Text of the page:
But another conclusion can be drawn: the social law exists, but it contains a certain ‘historical mobility of content’: although historical events are separated, ‘from within’ they are based on a commonality and, thanks to their connections, they are one. The сommonality constantly ‘removes’ the past, making events contemporary, and stretches the ‘leading thread’ to the future event, and this ensures their continuity as regularity. We consider this option of understanding the social law today as most acceptable.
However, if the analysis of this problem is continued, other possibilities for researching the topic, other discourses, for example, terminological discourse, will appear. The possibilities of argumentation using therminological analysis are underestimated today. For example, the lexeme ‘freedom’ as a ‘sweet’ word, as a concept and as a category in practice manifests itself in different content, and this ‘diversity’ is one of the main reasons for people’s indignation (Stezhko et al. 2021). The same situation is with the lexeme ‘law’. Even in the philosophical environment there is some confusion – the same content, namely, ‘internal, constant, stable, essential interconnection of elements’, is called differently: stable structure, social law, social pattern, social regularity, historical necessity, principle, microsystem, concept, etc. Different interpretation of social events reduces the methodological capabilities of philosophy and makes the existence of the philosophical category ‘social law’ somewhat conditional.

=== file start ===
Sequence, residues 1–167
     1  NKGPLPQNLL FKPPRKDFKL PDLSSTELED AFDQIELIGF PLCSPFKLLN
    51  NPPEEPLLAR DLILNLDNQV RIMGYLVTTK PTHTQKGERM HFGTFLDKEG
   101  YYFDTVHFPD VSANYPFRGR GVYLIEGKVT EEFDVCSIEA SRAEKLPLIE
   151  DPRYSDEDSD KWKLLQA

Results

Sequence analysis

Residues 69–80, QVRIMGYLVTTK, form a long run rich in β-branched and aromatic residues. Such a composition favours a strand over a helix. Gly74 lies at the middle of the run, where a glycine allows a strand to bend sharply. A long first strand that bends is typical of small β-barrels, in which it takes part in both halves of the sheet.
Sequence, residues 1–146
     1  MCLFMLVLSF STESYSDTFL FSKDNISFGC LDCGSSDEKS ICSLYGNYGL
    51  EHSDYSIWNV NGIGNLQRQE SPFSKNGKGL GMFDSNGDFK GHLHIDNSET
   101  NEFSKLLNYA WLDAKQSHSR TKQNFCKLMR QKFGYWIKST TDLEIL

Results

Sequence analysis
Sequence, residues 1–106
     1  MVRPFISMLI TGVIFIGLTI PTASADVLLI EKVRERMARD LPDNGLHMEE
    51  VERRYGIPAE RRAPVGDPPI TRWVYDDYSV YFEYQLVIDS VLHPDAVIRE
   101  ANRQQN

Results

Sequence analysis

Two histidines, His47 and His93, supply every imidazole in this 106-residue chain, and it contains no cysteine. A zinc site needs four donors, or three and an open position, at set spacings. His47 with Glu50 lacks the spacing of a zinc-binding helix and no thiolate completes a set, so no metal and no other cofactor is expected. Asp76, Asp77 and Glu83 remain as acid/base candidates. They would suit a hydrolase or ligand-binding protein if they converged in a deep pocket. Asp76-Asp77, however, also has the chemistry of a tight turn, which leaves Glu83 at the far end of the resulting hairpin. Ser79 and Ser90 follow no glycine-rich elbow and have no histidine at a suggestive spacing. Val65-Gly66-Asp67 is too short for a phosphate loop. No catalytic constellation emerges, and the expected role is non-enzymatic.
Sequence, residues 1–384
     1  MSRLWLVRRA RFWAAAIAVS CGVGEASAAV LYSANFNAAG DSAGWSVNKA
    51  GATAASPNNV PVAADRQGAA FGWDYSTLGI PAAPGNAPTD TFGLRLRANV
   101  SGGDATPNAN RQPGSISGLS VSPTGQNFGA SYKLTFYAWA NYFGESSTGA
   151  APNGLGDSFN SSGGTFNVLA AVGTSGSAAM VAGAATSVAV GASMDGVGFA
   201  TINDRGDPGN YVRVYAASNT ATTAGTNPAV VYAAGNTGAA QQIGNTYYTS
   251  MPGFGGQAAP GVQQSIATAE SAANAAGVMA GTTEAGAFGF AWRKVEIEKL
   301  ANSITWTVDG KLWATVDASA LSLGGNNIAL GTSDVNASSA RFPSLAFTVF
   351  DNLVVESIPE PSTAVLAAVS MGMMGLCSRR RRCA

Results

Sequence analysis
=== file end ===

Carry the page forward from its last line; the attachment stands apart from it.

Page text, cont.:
Within these considerations, some ‘mobility and mutual complementation of the content’ can be noticed in many philosophical propositions, laws, principles and categories. For example, the concreteness of truth principle has the methodological power of a social law. Or: interrelation of the categories of ‘quantity and quality’ acquired from Hegel a holistic character in the form of the dialectics of the categories of quantity and quality; in marxism it is the law of qualitative and quantitative changes; in modern philosophy, this is the ‘quantity– quality–measure’ microsystem.